Inside the museum I learned all sorts of fun facts about the Jewish experience in America:

  • The first practicing Jew in North America was Joachim Gaunse, who arrived in 1585, but stayed only one year.  
  • North America’s first permanent Jewish settlers arrived in New Amsterdam (now New York) in the summer of 1654.  One man, Jacob Barsimon, arrived first on the Peereboom, and 23 men, women, and children arrived a few weeks later on the Sint Catrina.  
  • In 1790, when the US population was 3.9 million, there were 2,500 Jews in the US.  
  • In 1880, the US population was 50 million, and 250,000 were Jews. 
  • In 1890, Ray Frank, a Jewish woman born in San Francisco, led High Holiday services in Spokane, Washington, and was referred to as the “Girl Rabbi of the Golden West.” 

But the moment that stopped me in my tracks was a moment that I hadn’t expected.  I was, after all, in Philadelphia, learning about the founding of the country in which I have lived my entire life, and learning about the Jewish experience in and around that founding.   But, on the floor of the museum illustrating Jewish life in the US in the 1900’s, I rounded a corner to a video of David Ben-Gurion declaring the independence of the state of Israel in 1948… 

and suddenly, it was as if one of my feet was in standing in the birthplace of American Independence and my other foot was standing in the birthplace of Israeli Independence… Independence Hall in Tel Aviv… which I visited in 2007… 

In my mind’s eye I could see the wooden chairs with the golden name tags informing visitors which of the founding mothers and fathers had sat in each chair…

I love moments like these, when my present and past collide in ways that make each of the experiences more meaningful than either would have been alone!!  

If you’ve had an experience like this, feel free to share in the comments.  🙂

shavua tov, jen 

Hillel Zeitlin’s Yavneh


Hillel Zeitlin was a Jewish philosopher, writer, and publicist who lived in Eastern Europe from 1871 until 1942.   Zeitlin called for the creation of a new Hasidic movement that would return to the Baal Shem Tov’s embodiment of love for Gd, Israel, and Torah. Zeitlin dreamed of establishing a community that would live according to the ideals he espoused, and he called that community “Yavneh.”
In 2012, when Rabbi Arthur Green published translations of numerous texts written by Zeitlin, Rabbi Zalman Schachter-Shalomi wrote the Foreword, in which he discussed the importance of Zeitlin and his dream of creating Yavneh. As Rabbi Schachter-Shalomi explained:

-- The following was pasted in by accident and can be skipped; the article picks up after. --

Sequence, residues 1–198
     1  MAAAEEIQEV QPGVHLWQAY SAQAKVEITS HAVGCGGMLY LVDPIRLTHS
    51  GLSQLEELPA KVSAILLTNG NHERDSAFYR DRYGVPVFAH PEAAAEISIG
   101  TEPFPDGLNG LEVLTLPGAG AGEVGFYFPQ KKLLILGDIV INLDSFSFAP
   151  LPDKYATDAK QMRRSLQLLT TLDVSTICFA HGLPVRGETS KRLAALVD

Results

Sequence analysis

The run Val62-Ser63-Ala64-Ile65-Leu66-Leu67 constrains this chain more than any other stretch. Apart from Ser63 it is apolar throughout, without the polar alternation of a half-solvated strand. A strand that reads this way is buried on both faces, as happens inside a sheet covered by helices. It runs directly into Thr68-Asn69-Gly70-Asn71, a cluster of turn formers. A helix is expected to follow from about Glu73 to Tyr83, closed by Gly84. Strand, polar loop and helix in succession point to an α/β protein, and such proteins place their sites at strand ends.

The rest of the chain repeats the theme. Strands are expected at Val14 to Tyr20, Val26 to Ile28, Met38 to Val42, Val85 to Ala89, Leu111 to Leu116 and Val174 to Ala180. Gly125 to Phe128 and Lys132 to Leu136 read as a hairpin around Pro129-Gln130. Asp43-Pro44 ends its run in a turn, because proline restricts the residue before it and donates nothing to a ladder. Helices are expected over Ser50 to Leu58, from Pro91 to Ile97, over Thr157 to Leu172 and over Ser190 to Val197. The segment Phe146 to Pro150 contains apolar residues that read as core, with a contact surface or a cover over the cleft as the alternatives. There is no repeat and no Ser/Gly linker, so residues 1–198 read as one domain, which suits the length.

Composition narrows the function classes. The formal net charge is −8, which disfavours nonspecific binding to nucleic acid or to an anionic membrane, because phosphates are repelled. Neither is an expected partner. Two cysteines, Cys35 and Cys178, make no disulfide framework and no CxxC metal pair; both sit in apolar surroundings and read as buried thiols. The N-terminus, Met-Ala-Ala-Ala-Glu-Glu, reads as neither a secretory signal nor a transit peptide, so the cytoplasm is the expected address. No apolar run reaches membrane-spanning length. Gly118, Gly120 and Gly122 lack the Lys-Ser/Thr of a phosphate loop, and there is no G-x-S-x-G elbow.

Those who wish to live a committed and purposeful life in the presence of the living God have always known that they need a societal “container” in which inner ideals can be freely expressed and shared . . . and in which one does not need to apologize for one’s longing to live the life of one’s ideals.

Hasidic Spirituality for a New Era: The Religious Writings of Hillel Zeitlin. Rabbi Zalman Schachter-Shalomi, Foreword at xix (Paulist Press 2012).
Until I again opened the Zeitlin book last night for that quote, I had not realized that Rabbi Schachter-Shalomi explicitly connected Zeitlin’s dream of a community called Yavneh to the emergence of Jewish Renewal, but he did… Foreword at xix …And though I had not known he connected them, I have been referring to my Shabbat at P’nai Or Philadelphia, which Rabbi Schachter-Shalomi founded, as “six hours in Yavneh.”
My experience led me to write the following text, which I dedicate to Hillel Zeitlin . . . may his dream of Yavneh continue to inspire Jews for thousands of generations . . .

Six hours in Yavneh,
Now my heart longs for more…

I want to find my own story wandering inside our ancient texts, and I don’t want to have to worry what emotion I display next, as I open my soul and reach for my Gd, surrounded by others who in prayer and song are reaching for the same Truth we all know is there, the Truth of the Unity, the ‘parent’ we all share, of Infinite Eternal Love and a Sukkah of Peace, that travels with us as we wander and protects us from grief while we watch for other wanderers who may have lost their way and invite them to travel with us…